By Sean McDonnell, cleveland.com — With rising prices and tight budgets, it pays to look for cheaper groceries. But if the lettuce you bought spoils in the back of the fridge, it (and the money you paid for it) might be going in the trash can. It doesn’t have to.
Food waste is a huge problem that contributes to food insecurity and climate change. The USDA says one-third of all available food goes uneaten.
All of that waste isn’t happening in people’s kitchens. But even on a smaller scale, allowing food to spoil or go uneaten can hurt your budget.
It happens in all sorts of ways. Heavy cream that goes sour. A green sprout emerging from an onion. Parsley getting lost in the fridge. Over-ripe bananas. Dried-out brown sugar. Leftovers that keep getting left. And why do we have three bottles of ketchup in the fridge?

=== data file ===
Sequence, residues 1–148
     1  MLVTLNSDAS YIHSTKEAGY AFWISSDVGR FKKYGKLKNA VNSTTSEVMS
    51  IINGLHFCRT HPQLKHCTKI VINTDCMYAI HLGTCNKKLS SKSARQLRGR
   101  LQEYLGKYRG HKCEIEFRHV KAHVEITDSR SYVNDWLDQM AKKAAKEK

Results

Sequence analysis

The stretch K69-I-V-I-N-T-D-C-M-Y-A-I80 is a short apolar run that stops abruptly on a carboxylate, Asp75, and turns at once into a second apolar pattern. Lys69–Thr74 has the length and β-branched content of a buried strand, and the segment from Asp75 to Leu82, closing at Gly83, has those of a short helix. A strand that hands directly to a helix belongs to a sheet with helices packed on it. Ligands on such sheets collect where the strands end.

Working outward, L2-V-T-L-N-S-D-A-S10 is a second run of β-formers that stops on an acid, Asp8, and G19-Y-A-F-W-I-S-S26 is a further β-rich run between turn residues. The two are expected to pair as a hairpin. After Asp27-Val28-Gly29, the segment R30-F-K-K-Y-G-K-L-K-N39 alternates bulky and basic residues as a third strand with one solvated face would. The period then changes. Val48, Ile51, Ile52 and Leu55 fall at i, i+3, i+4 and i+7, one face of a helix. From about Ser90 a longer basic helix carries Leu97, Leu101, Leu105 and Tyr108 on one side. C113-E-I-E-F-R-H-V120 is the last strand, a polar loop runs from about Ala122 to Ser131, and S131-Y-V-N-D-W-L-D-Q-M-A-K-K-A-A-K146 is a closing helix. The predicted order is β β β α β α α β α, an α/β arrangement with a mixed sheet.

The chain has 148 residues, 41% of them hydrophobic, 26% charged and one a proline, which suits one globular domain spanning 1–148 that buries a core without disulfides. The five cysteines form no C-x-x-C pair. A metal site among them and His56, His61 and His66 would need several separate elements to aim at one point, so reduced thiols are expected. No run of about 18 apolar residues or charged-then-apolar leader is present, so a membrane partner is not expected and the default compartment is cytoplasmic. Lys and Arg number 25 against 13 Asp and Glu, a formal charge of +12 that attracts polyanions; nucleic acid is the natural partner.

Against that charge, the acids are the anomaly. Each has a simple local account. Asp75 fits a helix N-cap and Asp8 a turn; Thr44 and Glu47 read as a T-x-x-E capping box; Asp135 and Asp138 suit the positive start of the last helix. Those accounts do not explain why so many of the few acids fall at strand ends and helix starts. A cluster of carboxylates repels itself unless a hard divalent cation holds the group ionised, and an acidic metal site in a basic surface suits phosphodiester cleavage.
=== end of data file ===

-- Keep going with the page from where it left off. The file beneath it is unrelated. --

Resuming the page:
Waste is more common than you think. Despite my personal vendetta against wasting money, I let food waste happen often.
That’s why I spoke with Jennifer Lobb, a registered dietitian and an educator at the Ohio State University’s extension office in Franklin County. With her expertise, and the many resources she sent me, we can all throw less money in the trash.
Every food item is different, but here are the broad strokes. Read full article...